May was a pretty eventful month on the U.S. regulatory front (and on the crypto front generally). The Biden Administration is finally moving beyond broad statements and beginning to hint at what the industry can actually expect from new crypto regulations.
The Biden Administration gets busy
Bitcoin’s price dropped 30%, then recovered a bit, then dropped a bit more, and Elon Musk was only partly responsible. Various U.S. government officials at different agencies described how they’re looking at crypto and crypto regulations. A congressional caucus focused on fintech and crypto has launched.
Why it matters
We’re finally getting a glimpse into how exactly President Joe Biden’s administration sees crypto. There’ve been more warnings against bad actors and too-fast efforts than there are concrete regulatory proposals, but the general trendline seems to be a growing acceptance that crypto is here to stay.
Breaking it down
A lot happened in the last two weeks.
The Federal Deposit Insurance Corporation officially published its request for information about how banks are using digital assets and what the federal regulator could do to assist entities.
New Acting Comptroller of the Currency Michael Hsu announced he had ordered his staff to review all pending matters and interpretive guidance issued under the Trump administration (read: former Acting Comptroller Brian Brooks) before revealing in a congressional hearing the Office of the Comptroller of the Currency, the Federal Reserve and the Federal Deposit Insurance Corporation were discussing a potential interagency group to examine crypto policy. (Fed Vice Chair Randal Quarles confirmed this in another hearing last week.)
A day later, Federal Reserve Chairman Jerome Powell reiterated the Fed’s first research paper about a digital dollar would be published this summer, and he believes a U.S. central bank digital currency should prioritize consumer privacy and protection.
A few hours after that, Securities and Exchange Commission Chairman Gary Gensler warned that bad actors in crypto should prepare for enforcement actions. He spoke during an address to 1,700 members of the Financial Industry Regulatory Authority.
Also on Thursday, the Treasury Department published a tax plan that included an entire section on crypto, warning there was a “significant detection problem” with crypto use for illicit activities. It suggested that exchanges receiving over $10,000 in crypto in a single transaction should report it.
So, yeah, a lot happened.
My personal opinion: Overall, the week was a good sign for the industry. Mainstream adoption will depend in some part on crypto being seen as “normal,” like cash or more traditional assets. As Caitlin Long of Wyoming and Avanti fame put it in this excellent thread, the U.S.’ policy approach under the Biden Administration so far seems to be “if you comply with applicable laws and regulations, we’re cool with whatever.”
Through that lens, the Internal Revenue Service cracking down on those trying to hide their crypto gains or Gensler’s SEC going after scammers or other lawbreakers is good.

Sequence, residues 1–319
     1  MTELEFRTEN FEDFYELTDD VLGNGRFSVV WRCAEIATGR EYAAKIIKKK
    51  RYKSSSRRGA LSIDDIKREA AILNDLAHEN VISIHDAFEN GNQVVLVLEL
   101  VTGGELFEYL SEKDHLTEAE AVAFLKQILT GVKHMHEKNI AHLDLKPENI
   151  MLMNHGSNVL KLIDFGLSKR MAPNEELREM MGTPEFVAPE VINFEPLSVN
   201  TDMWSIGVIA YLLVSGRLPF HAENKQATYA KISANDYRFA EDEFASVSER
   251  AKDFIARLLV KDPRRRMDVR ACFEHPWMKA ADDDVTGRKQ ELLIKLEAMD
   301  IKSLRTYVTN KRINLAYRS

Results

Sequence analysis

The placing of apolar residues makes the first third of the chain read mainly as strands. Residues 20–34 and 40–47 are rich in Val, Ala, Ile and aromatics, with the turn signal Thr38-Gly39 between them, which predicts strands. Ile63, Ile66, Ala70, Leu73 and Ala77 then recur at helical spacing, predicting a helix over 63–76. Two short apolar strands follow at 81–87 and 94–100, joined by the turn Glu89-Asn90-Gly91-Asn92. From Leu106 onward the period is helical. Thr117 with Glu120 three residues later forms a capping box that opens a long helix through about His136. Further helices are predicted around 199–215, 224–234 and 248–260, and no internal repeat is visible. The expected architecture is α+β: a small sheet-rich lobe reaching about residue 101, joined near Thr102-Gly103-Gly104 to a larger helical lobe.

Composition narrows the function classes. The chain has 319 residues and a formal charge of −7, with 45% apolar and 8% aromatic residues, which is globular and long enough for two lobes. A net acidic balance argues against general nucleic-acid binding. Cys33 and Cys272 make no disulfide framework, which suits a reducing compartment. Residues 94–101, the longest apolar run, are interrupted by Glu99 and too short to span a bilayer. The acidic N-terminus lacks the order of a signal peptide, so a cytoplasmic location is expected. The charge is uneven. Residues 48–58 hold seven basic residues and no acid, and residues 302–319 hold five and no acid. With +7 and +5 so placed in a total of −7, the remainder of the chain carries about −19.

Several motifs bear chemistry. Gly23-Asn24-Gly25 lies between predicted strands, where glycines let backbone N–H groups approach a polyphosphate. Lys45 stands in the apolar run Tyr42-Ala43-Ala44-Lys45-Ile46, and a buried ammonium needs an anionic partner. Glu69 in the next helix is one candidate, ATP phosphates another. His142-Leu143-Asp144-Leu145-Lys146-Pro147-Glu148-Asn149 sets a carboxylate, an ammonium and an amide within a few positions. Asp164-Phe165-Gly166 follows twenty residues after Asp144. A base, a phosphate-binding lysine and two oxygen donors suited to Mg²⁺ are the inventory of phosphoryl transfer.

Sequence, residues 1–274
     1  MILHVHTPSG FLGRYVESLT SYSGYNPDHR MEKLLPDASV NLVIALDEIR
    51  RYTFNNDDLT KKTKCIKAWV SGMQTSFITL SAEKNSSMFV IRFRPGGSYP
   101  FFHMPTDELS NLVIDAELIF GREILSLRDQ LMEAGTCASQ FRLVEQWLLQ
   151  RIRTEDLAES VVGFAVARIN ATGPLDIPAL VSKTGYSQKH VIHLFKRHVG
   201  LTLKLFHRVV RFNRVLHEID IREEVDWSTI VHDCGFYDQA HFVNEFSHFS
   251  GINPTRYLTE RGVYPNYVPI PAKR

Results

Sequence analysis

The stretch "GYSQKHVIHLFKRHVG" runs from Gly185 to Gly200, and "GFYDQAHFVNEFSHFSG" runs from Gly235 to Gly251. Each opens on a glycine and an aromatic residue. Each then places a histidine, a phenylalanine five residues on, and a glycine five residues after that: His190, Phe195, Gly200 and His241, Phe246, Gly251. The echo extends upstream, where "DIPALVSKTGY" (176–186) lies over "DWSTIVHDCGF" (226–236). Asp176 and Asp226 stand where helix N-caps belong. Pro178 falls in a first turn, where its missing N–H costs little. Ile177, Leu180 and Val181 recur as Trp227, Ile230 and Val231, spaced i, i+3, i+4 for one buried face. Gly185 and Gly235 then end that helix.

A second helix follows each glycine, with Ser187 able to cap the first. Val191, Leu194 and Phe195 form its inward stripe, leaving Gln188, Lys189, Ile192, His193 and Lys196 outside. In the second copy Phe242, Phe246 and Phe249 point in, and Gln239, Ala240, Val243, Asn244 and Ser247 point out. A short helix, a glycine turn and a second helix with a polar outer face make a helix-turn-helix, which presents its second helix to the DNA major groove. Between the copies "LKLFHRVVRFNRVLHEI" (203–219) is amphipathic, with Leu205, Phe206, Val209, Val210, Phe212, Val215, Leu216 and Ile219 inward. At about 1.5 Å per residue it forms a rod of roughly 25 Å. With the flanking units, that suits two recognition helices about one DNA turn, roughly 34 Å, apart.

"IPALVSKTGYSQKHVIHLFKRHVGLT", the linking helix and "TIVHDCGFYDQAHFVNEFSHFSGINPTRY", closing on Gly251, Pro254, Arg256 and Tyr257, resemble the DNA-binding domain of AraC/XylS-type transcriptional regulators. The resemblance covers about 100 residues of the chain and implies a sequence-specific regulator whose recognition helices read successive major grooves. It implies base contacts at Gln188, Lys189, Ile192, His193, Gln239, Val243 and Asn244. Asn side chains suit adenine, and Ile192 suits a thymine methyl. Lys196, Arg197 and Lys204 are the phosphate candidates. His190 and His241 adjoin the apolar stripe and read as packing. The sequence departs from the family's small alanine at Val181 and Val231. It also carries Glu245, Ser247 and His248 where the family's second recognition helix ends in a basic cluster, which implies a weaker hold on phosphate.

(This is, of course, dependent at least a little on Gensler providing some of the regulatory clarity everyone hopes for so crypto companies don’t have to spend hundreds of thousands of dollars on legal counsel to try and conduct a small, legally compliant token sale.)
The Fed’s paper, I think, will be informative, but I’ve still seen nothing to suggest the central bank is actually going to issue a digital dollar or any other form of central bank digital currency. The fact it’s having these discussions publicly is a good sign, though. It normalizes how other institutions are going to be talking about this subject – such as, for example, those banks that may be hesitant to offer crypto companies services or to dabble in stablecoins.
The FDIC’s involvement is another positive sign for banks. If (and this is a pretty big if) banks can secure deposit insurance for crypto-related activities, financial institutions can be even more confident that any money they store in crypto is safe.
The main issues that should concern the industry stem from the OCC. I don’t think Hsu’s review of Brooks’ actions are a surprise. He’s a new agency head who was about to testify in front of a committee, whose chair has already asked President Joe Biden to overturn Brooks’ actions. I’d have been surprised if Hsu said anything other than “we’re taking a look, we’ll get back to you later.”
That being said, the same day as the congressional hearing, Sen. Sherrod Brown (D-Ohio), who runs the Senate Banking Committee, asked Hsu to “reassess” the OCC trust charters issued to Anchorage, Paxos and Protego. These companies currently have conditional trust charters, so Hsu’s response will be key here. Recall that Rep. Maxine Waters (D-Calif.), who chairs the House Financial Services Committee, has already asked that Brooks’ OCC regulations be overturned. With that sort of pressure we might not see much in the way of further crypto-friendly regulations from the agency.
On the flip side: Bitcoin’s recent market movements are probably not great for getting a bitcoin exchange-traded fund (ETF) approved.
Nathan DiCamillo contributed reporting.
Nebraska and Illinois are getting their own special purpose depository institution/crypto banking laws, following in Wyoming’s footsteps and taking the industry closer to having banking institutions stemming directly from the industry.